There are three major types of virtualisation that need to be monitored and managed;
In this article I explore each type of virtual environment, the licensing implications and basic fail-safe procedures and processes to consider.
The main benefit of Virtual Machines is the ability to build new machines very quickly and for multiple operating systems to be run on one piece of hardware. In Software Asset Management terms these two points also represent the biggest risk. The physical process of building a new piece of hardware, plugging in a network cable and installing software allows for processes to be implemented to maintain compliance. When machines are built and deployed virtually instantly (whilst also consuming licenses) it can lead to VM sprawl and be a real challenge to manage licensing, one IT Asset Manager I spoke to said that VMs breed like rabbits.
The main challenge in auditing and managing virtual machines is a) Ensuring a definitive list of virtual machines and b) determining and differentiating the physical host. In laymans terms – how many virtual machines do we have and which physical machines are they being run on? In the recent Mid-Market SAM Software Group Test all three tools allowed for their agent to be deployed within a virtual machine and also discover that VMWare as an application was being run but could not add any further intelligence. The weakness here is that we might know when someone is running VMware because it appears in our audits, but we don’t know how virtual machines are being run. An added complexity is that virtual machines can be run from thumb drives or portable drives connected to a machine on the network. Things to Consider: Closely manage and monitor who can create new Virtual Machines and have a process for either deploying an agent to each new virtual machine or recording the instance to be manually checked at a later date.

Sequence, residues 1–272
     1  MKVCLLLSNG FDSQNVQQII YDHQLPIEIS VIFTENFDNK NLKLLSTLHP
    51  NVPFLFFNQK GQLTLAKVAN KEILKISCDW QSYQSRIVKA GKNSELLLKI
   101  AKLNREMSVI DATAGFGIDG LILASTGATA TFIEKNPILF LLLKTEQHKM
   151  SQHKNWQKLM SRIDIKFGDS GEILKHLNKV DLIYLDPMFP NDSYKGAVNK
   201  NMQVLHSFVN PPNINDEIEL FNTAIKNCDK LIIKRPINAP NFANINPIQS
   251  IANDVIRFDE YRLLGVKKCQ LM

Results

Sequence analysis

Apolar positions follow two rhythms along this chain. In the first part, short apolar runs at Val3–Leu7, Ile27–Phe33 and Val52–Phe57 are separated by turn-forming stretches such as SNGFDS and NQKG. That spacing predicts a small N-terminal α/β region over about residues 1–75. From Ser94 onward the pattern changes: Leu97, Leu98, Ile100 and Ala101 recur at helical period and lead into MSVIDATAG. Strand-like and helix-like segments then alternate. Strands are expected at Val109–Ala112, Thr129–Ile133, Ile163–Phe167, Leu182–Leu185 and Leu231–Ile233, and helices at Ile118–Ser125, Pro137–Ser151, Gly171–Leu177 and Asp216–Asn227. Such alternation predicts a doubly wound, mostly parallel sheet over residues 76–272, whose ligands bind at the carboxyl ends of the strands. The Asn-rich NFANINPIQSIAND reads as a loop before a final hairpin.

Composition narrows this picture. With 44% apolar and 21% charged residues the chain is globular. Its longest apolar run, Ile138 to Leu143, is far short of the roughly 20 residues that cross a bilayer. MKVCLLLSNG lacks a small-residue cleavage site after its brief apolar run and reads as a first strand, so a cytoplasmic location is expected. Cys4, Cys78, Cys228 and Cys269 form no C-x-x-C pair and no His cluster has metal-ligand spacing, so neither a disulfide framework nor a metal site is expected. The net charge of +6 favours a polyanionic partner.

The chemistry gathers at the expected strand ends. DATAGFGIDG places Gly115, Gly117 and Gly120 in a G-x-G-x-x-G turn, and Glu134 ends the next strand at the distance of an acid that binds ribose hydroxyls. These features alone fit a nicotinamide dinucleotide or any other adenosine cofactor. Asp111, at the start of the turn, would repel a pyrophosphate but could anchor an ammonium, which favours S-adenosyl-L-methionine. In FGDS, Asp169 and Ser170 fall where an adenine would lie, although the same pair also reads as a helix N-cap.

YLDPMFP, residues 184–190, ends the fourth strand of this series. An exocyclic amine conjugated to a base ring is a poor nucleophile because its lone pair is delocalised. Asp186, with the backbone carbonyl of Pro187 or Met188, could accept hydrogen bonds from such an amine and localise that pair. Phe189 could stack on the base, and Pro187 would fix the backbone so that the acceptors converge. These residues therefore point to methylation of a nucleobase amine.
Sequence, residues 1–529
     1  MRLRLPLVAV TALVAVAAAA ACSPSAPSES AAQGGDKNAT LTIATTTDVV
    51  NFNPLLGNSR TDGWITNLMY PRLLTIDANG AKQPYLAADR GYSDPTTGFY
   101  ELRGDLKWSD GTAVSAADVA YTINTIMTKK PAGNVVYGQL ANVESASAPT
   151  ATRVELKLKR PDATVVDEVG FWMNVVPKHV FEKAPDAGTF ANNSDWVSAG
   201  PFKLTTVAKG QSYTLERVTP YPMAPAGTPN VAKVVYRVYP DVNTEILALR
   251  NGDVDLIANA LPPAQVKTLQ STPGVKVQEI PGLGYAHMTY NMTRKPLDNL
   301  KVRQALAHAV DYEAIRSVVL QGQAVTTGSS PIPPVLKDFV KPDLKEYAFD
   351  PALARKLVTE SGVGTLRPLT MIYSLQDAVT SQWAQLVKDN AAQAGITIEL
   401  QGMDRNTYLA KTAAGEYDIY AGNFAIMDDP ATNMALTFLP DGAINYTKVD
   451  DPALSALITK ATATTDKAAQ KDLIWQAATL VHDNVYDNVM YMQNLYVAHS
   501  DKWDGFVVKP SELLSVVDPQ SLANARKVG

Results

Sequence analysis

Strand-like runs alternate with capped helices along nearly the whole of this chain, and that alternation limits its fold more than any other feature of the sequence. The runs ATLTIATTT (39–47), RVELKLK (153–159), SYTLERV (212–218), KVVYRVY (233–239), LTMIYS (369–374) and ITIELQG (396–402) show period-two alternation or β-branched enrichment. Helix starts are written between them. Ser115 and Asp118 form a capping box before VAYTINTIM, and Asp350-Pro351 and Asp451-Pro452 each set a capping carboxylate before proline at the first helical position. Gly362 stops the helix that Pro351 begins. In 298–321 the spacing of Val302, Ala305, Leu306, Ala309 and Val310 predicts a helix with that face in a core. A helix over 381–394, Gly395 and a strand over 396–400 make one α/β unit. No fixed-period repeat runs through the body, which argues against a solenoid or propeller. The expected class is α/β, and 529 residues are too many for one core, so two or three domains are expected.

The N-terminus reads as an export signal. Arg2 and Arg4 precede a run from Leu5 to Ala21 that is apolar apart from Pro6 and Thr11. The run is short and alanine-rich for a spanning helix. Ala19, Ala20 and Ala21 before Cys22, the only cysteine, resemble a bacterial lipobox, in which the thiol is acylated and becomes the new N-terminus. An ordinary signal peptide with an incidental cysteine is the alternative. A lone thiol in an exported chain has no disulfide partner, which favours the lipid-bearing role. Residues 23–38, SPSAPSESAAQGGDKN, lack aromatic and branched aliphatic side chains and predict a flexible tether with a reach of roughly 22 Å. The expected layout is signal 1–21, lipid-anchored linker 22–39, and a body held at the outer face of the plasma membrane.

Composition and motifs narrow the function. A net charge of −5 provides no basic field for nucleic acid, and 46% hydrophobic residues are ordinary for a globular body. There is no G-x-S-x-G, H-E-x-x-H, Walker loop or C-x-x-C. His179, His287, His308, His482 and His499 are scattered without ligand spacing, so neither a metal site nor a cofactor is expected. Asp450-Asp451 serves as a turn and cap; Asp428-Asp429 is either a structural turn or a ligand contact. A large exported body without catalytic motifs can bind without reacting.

A user clicks on an icon on his desktop to run and application but the application is run in another location and streamed to his desktop. The risk here in licensing terms is that vendors commonly charge based on what might be used and not necessarily on actual consumption. The fact that a user has an icon on his desktop and could access an application is enough for software vendors to charge for it. A case of guilty by association. Things to Consider: Know the worst case scenario. Place a flag in change processes to check total concurrent usage or total maximum usage against entitlement when building or configuring machines with virtual application access.
Dynamic partitioning is whereby processing power is assigned to an application or system based on demand. For example a system may be built upon a partition within a server with a certain amount of memory and processor power, this may dynamically increase or decrease depending on requirements. As with virtual applications software vendors tend to charge by what could be used rather than what is currently being used. So a database that is currently using 2 CPUs but could physically use 4 CPUs will be priced accordingly. Things to Consider – know the worst case scenario. Place a quarantine around hardware priced software deployment and place a flag within change processes to alert to the risk.
What have I missed? If you have any further comments please add them below or contact me directly.